That is a kind of hazy statement isn't it. I've read it three times and still not sure what value it should be.
Well, I'll stick to my statement until someone proves otherwise.
OK Granted I think you're right ... but surely users with unsupported CPU's (like me!) shouldn't be letting SW manage the transition?! and if anything that value should be 0xFE (HW_ALL)!
If I'm right, and our CPUPM kext strictly follows the ACPI Specification, there should be no problems, because we (our ACPI tables) tell OSPM what and how to do, but let's wait for a really experienced guy's reply on this.
[...] So by using 0xFC rather than 0xFD OSPM will treat all cores as 1. Surely you should be using 0XFD?
IMHO it's the exact opposite, and to prove it, take a peek at the Example in the ACPI Spec rev. 4.0 page 329, where it says "[...] OSPM will be required to coordinate the P-state transitions between the two processors and can initiate a transition on either processor to cause both to transition to the common target P-state." and the value in the example code is 0xFD.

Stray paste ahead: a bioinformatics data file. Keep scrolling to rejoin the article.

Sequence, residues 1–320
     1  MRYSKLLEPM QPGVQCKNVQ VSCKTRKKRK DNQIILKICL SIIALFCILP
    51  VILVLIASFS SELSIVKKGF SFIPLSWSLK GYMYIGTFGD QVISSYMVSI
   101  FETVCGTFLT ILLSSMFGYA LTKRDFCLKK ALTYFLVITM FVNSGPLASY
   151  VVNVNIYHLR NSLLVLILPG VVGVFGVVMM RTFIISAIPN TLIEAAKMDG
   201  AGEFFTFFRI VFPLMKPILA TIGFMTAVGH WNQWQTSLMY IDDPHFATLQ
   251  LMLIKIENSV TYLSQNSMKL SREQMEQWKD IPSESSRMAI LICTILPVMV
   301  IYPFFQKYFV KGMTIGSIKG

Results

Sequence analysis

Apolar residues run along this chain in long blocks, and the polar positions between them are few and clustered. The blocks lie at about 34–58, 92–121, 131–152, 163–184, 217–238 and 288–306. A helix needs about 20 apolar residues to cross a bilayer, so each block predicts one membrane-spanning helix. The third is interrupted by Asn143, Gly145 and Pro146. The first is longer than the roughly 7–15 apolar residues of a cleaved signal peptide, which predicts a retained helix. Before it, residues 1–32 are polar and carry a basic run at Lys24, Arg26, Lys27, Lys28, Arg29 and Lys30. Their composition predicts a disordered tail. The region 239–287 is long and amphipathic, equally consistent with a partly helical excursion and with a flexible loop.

You can take my dsdt from Gigabyte thread, on both both my systems it is pretty much only voltages that change until cpu load is about 10 %, then also the multipliers start changing, I'd say that 99 % of time voltages and multipliers change at same time on all cores.
Ok then, I was starting to think that I was torturing my CPU for days... BTW, is there any good explanation for the bold part? It's strange, but does happen with mine too. (How come it doesn't hurt the CPU if it changes voltages for nothing so often?)
I do have all P-states working on OS X, and cores are working independently. It's just that most of the times it's only the lowest and highest steps that are used.
Uh-oh. Something must be wrong at me, can you please upload your DSDT? (My cpu's cores always change states simultaneously, and really often.) Stupid speedstep jumps up and down while just browsing the web (no flash content) with playing music and downloading torrents in the background.